I agree with Vit about the importance of the Twilight zone , or abyss as Kostas puts it. Like many people, I used to write poetry, but something that struckMessage 1 of 1 , Nov 15, 1999View SourceI agree with Vit about the importance of the "Twilight zone", or "abyss" as
Kostas puts it.
Like many people, I used to write poetry, but something that struck me was
that so much of English is based on associations with the words used, rather
than just on their meanings. Much poetry relies, I think, on the
manipulation of feelings through these associations.
An example is the difference between the U.S. usage of the words "murder"
and "homicide", highlighted by author Isaac Asimov - the former is *much*
more emotive, and for most people would immediately suggest violent death.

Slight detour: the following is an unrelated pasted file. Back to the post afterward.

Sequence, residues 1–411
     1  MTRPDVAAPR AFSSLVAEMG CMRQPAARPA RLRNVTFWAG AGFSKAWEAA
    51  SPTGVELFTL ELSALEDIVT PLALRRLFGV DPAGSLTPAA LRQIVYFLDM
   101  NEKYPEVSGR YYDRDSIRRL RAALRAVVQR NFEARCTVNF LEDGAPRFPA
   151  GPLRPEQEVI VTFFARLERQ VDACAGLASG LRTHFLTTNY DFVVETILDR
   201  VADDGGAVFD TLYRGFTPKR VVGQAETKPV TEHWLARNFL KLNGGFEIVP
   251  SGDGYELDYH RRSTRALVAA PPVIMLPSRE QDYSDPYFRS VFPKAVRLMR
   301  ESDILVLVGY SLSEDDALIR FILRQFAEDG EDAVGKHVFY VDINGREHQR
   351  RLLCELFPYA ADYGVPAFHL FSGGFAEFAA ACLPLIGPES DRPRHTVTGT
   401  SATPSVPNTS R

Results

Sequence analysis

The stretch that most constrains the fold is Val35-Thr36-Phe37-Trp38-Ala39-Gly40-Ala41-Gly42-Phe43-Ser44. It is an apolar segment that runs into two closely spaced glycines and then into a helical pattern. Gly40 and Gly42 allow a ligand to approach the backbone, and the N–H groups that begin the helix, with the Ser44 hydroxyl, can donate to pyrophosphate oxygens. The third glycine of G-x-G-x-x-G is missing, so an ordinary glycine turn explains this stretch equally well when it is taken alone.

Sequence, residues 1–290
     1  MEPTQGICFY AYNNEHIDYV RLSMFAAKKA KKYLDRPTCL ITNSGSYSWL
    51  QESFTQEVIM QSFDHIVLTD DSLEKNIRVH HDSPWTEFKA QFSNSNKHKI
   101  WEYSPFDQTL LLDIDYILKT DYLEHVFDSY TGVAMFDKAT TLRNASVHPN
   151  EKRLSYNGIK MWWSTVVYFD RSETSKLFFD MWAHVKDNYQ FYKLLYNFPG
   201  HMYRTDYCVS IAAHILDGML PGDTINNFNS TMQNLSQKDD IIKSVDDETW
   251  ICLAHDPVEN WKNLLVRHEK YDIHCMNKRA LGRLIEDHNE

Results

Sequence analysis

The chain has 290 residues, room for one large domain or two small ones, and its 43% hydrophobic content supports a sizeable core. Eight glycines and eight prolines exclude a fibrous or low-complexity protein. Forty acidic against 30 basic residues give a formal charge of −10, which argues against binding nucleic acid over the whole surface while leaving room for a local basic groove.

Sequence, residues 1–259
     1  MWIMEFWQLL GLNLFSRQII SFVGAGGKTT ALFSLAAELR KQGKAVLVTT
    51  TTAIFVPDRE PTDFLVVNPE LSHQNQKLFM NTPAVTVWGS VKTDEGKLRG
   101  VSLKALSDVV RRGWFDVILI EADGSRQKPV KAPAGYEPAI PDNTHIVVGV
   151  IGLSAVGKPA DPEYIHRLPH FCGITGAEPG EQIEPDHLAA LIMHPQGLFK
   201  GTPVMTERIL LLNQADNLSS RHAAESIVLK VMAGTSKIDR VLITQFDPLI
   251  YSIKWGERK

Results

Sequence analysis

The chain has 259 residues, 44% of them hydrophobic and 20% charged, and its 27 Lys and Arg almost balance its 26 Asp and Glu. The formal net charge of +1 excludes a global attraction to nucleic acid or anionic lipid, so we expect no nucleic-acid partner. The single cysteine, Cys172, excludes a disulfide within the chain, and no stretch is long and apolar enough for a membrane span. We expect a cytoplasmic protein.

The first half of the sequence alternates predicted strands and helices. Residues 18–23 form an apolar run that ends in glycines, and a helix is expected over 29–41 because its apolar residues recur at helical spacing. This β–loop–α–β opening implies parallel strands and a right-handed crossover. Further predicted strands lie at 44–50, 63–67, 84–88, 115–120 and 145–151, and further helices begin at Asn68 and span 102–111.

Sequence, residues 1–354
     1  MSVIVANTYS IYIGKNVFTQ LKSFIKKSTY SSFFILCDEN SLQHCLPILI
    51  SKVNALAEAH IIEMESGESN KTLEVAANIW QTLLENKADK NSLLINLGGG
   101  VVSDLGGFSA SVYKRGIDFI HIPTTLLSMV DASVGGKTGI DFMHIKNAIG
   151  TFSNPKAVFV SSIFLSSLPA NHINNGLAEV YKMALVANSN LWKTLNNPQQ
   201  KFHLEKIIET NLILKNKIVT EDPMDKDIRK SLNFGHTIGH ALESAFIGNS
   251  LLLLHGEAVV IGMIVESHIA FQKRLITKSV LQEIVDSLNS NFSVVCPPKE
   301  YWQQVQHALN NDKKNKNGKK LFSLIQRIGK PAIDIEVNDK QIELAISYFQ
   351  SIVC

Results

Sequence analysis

The latter is much more formal, and perhaps implies a cold, planned
killing... In Britain, newspapers write of "violent murders", but of
This is how I would understand the "enrichment" that Kostas mentions - the
associations that words gain over time, for whatever reason. I don't think
it is the only factor at play, but yes, culture has an important role here:
"railroad", for instance, immediately suggests an American context - but was
in fact commonly used in 19th century England alongside the (now British
So, as translators, we must play with these connotations, these implied
meanings, to recreate the "sense" of the original text in the imperfect
medium of the new language - 'imperfect' because those associations (or that
sense) will be more difficult, if not impossible, to recreate in their
entirety. If it is this sense that gives shape to poetry, we must remember
that T.S. Eliot once defined poetry as "That which language loses in the